Arbitration is a more formal dispute resolution process than mediation and typically this practice is used when mediation has either failed or is not appropriate. Arbitration should be used as an alternative to the Courts, particularly if time is a factor and in comparison to proceeding in the Courts is often more flexible and most certainly quicker to reach an outcome.
“With the delays in the Courts and the need for privacy, arbitration presents an attractive alternative for many individuals and businesses allowing the parties to choose their own arbitrators and process to settle disputes,” explains Caitlin Moses, candidate attorney at Gillan & Veldhuizen Inc. “And while arbitration offers a variety of advantages, there are also drawbacks to consider,” she adds.
- The parties can select their own arbitrators;
- Arbitration is often chosen to avoid the publicity associated with court cases.
- It is also generally a faster process than litigation in courts.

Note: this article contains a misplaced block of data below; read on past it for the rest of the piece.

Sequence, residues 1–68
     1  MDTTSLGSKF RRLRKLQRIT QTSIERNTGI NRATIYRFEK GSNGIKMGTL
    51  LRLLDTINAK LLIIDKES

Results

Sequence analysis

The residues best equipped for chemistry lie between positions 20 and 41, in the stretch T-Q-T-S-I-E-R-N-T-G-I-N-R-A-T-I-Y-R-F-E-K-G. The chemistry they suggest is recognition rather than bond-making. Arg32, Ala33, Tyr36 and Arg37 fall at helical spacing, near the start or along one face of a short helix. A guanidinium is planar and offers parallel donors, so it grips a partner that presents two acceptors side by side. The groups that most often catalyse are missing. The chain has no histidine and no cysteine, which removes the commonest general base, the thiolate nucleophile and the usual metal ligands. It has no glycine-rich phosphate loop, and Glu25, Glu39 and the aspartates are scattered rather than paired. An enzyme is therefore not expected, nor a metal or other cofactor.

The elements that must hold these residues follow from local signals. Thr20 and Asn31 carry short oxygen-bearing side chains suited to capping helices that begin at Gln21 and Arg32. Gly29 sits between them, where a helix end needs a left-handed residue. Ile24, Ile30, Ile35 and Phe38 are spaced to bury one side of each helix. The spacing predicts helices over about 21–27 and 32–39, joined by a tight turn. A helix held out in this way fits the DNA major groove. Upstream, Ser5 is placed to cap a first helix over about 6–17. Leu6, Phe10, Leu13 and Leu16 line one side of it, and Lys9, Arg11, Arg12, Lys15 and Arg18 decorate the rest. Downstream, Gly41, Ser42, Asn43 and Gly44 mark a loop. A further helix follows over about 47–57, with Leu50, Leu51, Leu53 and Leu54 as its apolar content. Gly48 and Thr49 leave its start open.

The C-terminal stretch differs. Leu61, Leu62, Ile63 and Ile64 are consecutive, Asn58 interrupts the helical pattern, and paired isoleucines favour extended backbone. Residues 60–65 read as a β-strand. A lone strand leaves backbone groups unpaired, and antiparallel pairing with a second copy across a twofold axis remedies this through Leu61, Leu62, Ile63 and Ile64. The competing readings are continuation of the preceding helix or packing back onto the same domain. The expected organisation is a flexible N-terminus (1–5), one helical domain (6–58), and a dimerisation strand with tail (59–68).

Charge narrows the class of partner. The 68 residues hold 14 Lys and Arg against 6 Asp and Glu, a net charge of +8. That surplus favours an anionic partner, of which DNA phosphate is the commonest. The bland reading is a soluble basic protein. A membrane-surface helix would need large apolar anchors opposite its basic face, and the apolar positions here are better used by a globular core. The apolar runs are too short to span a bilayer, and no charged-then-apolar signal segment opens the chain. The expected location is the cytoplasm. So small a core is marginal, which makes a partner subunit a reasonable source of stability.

- Moreover, arbitration offers more flexibility than court proceedings and the parties can determine the Rules to follow.
- The fees charged by the arbitrator may make formal arbitration more expensive than a trial in court.
- Without consent from all parties involved, others cannot join the arbitration proceedings.
- Therefore, joining a party to an arbitration without consent and consolidation of arbitration processes is not an option.
Ultimately when deciding between arbitration or litigation in the Courts, it is important to weigh the costs and benefits of each option.